The letters Е and Ѣ are always considered iotafied. At the beginning of a word and after another vowel they are pronounced [je jæ], and when stressed after a dental or velar consonant they palatalize the consonant as described earlier. Only after the non-palatalizable consonants, such as the labials, are the stressed forms just pronounced /e æ/ without any palatal element.
У is used to represent both the vowel /u/ and the semivowel /w/, including in diphthongs. Normally there is little confusion as to which pronunciation is intended, but if there is, the variant form Ў may be used to represent /w/. This is most common in clusters or before е or ѣ: ўсе wse, усе use; ўе we, уе uie.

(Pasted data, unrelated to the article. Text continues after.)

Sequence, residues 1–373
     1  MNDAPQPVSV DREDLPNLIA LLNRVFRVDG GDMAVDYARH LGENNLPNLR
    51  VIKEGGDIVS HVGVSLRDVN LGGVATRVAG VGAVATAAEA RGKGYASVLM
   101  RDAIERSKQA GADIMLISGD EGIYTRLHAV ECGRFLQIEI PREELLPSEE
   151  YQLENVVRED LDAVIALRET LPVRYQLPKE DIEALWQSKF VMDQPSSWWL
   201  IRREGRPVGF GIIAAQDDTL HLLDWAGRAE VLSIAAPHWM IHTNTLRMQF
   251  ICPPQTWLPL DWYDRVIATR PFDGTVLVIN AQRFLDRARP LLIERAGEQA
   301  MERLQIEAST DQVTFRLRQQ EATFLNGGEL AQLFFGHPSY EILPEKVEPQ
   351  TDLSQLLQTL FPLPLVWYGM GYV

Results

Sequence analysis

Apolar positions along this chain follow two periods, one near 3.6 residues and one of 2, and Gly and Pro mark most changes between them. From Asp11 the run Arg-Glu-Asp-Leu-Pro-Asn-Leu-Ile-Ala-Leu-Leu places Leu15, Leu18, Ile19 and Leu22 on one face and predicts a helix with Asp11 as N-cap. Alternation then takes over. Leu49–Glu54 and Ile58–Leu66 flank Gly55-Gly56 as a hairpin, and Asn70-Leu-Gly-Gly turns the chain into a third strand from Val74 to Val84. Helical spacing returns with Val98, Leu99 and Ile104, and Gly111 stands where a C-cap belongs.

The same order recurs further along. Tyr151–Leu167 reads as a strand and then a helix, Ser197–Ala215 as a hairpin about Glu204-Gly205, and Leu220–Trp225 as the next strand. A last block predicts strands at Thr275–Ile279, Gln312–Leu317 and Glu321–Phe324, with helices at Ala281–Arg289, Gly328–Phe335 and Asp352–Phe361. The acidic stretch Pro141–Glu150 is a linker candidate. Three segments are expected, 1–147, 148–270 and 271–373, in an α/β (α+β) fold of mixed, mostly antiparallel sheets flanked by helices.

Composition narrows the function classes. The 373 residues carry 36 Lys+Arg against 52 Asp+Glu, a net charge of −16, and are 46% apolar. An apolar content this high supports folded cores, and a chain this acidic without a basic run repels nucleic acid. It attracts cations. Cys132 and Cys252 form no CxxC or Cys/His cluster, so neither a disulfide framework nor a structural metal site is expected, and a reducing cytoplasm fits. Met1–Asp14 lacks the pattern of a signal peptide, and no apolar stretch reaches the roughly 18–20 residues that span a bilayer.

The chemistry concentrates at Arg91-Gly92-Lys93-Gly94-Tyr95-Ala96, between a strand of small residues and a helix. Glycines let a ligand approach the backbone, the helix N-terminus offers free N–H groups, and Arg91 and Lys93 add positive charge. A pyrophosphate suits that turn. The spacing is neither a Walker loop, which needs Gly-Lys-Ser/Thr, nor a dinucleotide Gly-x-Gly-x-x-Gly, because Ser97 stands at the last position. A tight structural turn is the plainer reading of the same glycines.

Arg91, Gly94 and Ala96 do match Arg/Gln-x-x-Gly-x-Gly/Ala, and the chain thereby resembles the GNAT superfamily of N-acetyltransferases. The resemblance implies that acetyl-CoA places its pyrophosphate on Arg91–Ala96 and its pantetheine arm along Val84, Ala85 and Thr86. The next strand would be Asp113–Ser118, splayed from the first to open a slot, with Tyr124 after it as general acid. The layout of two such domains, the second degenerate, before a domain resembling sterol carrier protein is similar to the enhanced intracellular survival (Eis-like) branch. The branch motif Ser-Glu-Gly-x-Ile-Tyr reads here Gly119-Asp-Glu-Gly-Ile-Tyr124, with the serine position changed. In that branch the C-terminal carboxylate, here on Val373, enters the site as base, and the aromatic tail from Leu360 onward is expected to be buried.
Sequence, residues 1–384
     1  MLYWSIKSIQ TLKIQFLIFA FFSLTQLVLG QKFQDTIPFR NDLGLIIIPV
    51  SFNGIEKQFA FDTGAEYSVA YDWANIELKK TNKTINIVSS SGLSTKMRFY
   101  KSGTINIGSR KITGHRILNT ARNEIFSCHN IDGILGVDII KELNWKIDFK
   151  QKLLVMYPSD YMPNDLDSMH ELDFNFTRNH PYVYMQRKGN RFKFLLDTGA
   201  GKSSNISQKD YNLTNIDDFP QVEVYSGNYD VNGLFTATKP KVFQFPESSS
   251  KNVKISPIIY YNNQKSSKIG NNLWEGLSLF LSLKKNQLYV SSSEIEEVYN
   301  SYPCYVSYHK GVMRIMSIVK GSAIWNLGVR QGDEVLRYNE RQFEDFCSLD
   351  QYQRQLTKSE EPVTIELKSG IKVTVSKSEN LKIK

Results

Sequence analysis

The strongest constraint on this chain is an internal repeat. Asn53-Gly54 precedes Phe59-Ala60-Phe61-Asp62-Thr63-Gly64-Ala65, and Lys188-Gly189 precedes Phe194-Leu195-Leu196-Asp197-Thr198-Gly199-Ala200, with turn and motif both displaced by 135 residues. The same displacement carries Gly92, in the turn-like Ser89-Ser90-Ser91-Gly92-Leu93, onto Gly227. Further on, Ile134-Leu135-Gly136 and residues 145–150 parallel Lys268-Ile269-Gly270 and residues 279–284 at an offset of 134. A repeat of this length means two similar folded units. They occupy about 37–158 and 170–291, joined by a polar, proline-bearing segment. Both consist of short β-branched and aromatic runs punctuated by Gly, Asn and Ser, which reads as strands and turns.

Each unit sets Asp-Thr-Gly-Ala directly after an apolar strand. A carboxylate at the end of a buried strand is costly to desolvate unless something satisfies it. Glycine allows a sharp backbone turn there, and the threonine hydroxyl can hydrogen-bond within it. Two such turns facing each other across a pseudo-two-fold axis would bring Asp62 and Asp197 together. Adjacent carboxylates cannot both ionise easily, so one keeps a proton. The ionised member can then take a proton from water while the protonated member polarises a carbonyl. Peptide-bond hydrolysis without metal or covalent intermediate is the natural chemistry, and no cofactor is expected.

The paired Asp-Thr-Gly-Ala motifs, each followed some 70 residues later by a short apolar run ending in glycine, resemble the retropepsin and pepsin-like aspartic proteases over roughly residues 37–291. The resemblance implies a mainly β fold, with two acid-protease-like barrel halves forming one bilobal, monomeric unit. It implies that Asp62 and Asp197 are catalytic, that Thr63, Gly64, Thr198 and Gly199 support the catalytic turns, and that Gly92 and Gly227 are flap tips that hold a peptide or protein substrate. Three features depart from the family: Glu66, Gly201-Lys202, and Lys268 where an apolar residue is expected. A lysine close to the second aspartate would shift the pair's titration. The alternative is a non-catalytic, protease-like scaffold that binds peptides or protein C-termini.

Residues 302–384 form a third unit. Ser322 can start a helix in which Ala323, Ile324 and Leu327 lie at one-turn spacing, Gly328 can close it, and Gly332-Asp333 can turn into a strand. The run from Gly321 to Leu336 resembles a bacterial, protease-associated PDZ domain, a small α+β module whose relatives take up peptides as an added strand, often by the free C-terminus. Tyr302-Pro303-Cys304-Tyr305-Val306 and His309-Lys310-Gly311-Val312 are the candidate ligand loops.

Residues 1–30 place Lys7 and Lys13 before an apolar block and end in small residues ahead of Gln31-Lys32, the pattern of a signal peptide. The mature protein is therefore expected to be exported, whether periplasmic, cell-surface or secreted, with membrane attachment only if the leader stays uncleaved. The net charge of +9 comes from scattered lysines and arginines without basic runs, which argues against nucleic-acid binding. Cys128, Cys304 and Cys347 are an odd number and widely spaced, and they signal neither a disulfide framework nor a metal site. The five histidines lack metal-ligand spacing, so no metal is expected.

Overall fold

Ғ at the end of a word is pronounced /j/, as though that were its unvoiced counterpart. However, there are a number of words where this /ɣ/ [j] is actually spelled <й> in unsuffixed forms. Which words use this alternation and which always use Ғ must be memorized.
Ѣ is pronounced [æ] when stressed and [i] when unstressed. While this letter is generally used to represent both, in many non-changing words, particularly prepositions, variant spellings with both ѣ and и may be seen if the vowel is unstressed, such as намѣстѣ/намѣсти “instead”. Generally the spellings with ѣ are more formal or archaic than those with и.